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Office of News and Information
Johns Hopkins University
3003 N. Charles Street, Suite 100
Baltimore, Maryland 21218-3843
Phone: (410) 516-7160 / Fax (410) 516-5251

April 28, 1998
MEDIA CONTACT: Phil Sneiderman

How Do We Hear While We Sleep?
Hopkins student finds place in the brain that 'listens' while we snooze

Using electrodes implanted directly on the human cortex, a Johns Hopkins University undergraduate has located the part of the brain that appears to process sounds while people sleep. This site, in the frontal lobe, may be part of a vigilance system that, for instance, rouses a mother when her baby cries but lets the woman sleep when a truck rumbles by.

Serena J. Gondek, a 21-year-old junior majoring in biomedical engineering, is slated to present her findings on Tuesday, April 28, at the annual meeting of the American Academy of Neurology in Minneapolis, Minn. About 8,000 people are expected to attend the world's largest gathering of neurologists and neuroscience professionals. Administrators at the academy said it is unusual for an undergraduate to be chosen to make an oral research presentation at the event.

Previous studies on hearing during sleep have relied on electrodes attached to a subject's shaved scalp. Gondek's experiment is believed to be the first of its type to use electrodes implanted directly on the brain, a technique that yields far more precise information about which parts are activated by sounds during sleep.

Gondek is from the Chicago suburb of Oak Brook, Ill. She conducted her experiment under the supervision of Gregory L. Krauss, an assistant professor of neurology at the Johns Hopkins School of Medicine. Krauss is co-author of the paper, titled, "How do we hear while we sleep?"

"It is controversial how we monitor our environment while we sleep," says Krauss. "It's a pretty big part of our lives, but sleep is poorly understood. The main thing that Serena did was to show where on the cortex we hear while we sleep. She did a terrific job, particularly in the brain mapping."

In Serena Gondek's experiment, tones played during sleep activated two areas of the brain: the primary auditory cortex, at left, and the frontal lobe, at right. Red areas indicated the greatest amount of activation.

Gondek is the second Hopkins undergraduate in recent months to present research findings at a major medical conference in collaboration with Krauss. "Undergraduates are great for these kind of projects because they're very enthusiastic," says Krauss, "and they work very hard."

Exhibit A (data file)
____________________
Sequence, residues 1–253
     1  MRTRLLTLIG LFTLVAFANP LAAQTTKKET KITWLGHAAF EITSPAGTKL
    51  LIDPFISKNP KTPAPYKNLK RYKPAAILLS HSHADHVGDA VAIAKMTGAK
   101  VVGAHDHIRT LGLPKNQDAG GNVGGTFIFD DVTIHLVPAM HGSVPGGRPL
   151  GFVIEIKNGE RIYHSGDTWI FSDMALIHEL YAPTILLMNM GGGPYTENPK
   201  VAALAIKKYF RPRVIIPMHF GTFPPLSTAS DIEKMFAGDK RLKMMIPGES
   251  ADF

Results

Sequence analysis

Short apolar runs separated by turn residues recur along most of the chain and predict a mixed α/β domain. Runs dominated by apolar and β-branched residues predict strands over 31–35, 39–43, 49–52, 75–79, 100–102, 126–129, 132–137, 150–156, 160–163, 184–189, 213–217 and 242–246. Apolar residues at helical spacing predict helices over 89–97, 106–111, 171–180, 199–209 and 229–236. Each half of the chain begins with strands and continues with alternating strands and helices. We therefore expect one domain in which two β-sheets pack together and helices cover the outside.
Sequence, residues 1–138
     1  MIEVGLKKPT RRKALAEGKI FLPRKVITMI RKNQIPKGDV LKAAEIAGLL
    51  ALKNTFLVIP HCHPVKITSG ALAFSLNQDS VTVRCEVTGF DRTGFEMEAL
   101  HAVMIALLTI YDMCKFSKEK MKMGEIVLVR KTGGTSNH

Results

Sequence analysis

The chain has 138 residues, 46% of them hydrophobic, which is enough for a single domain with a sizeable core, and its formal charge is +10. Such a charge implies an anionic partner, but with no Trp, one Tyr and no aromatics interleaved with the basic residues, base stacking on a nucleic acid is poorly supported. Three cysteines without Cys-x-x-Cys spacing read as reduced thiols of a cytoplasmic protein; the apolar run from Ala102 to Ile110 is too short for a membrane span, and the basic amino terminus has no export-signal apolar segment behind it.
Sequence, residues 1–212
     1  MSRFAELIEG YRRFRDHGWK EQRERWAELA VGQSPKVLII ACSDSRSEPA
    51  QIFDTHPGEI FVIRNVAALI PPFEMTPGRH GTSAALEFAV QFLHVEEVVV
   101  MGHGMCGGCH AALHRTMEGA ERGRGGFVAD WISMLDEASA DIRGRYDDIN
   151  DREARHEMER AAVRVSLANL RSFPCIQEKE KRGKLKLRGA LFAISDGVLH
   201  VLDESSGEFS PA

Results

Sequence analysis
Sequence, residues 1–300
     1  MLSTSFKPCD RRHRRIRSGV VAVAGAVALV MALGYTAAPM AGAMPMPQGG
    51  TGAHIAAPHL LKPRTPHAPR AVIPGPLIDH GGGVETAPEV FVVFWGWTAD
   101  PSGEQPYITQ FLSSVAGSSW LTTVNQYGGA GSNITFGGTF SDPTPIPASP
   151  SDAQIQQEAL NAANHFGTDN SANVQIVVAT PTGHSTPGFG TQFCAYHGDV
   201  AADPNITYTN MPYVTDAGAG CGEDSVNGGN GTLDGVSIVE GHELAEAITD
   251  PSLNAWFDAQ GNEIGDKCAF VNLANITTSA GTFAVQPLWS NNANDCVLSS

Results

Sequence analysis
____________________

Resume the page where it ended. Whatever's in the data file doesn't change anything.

Hopkins professors often encourage undergraduates to take part in high-level scientific studies. "That's why I really looked forward to coming to Hopkins," says Gondek, "It's been as easy as knocking on a few doors to become involved in research projects, even during my freshman year."

For her experiment, Gondek obtained the cooperation of five patients who were about to undergo brain surgery to curtail epileptic seizures. To find the focal points of these seizures, a surgeon had cut open the patients' skulls and implanted electrode grids directly on their brains.

Prior to their surgery, Gondek placed special plugs in the patients' ears. The plugs blocked out room noise but allowed the patients to hear sequences of two tones emitted by Gondek's equipment, one tone pitched at 500 hertz, the other at 1,000.

She played various tone patterns while the patients were awake, during light sleep and during deep sleep. The electrodes detected which portions of the brain were activated. Gondek analyzed the results and mapped them onto MRI and CT scans made of the patients' brains.

"We found that during waking, only areas around primary auditory cortex are activated by the tones," she says. "Then, during light and deep sleep, you find not only primary auditory activation, but the frontal lobe also responds."

The frontal lobe is believed to play a key role in vigilance functions, such as screening new stimuli and preparing the body to react. During sleep, Gondek speculates, this part of the brain may analyze sounds to decide whether the person needs to be awakened to respond. This mechanism would allow a camper in the woods to sleep through non-threatening cricket chirps. But it might awaken the camper quickly to the growl of a bear.

Gondek and Krauss are planning follow-up experiments to learn more about how the brain processes specific environmental sounds during sleep. Their research may also shed light on connections between sleep disorders and mental illnesses such as depression and dementia.

Finding the place where the brain processes sounds during sleep has been a critical first step to cracking a tough physiological puzzle. "At this point," Gondek explains, "we can say that this is where it's happening. But it's still very unclear what's going on there, how this processing works."

Her project was supported by a General Electric Foundation Undergraduate Engineering Research Stipend.

Photos by Doug Hansen, Homewood Photographic Services

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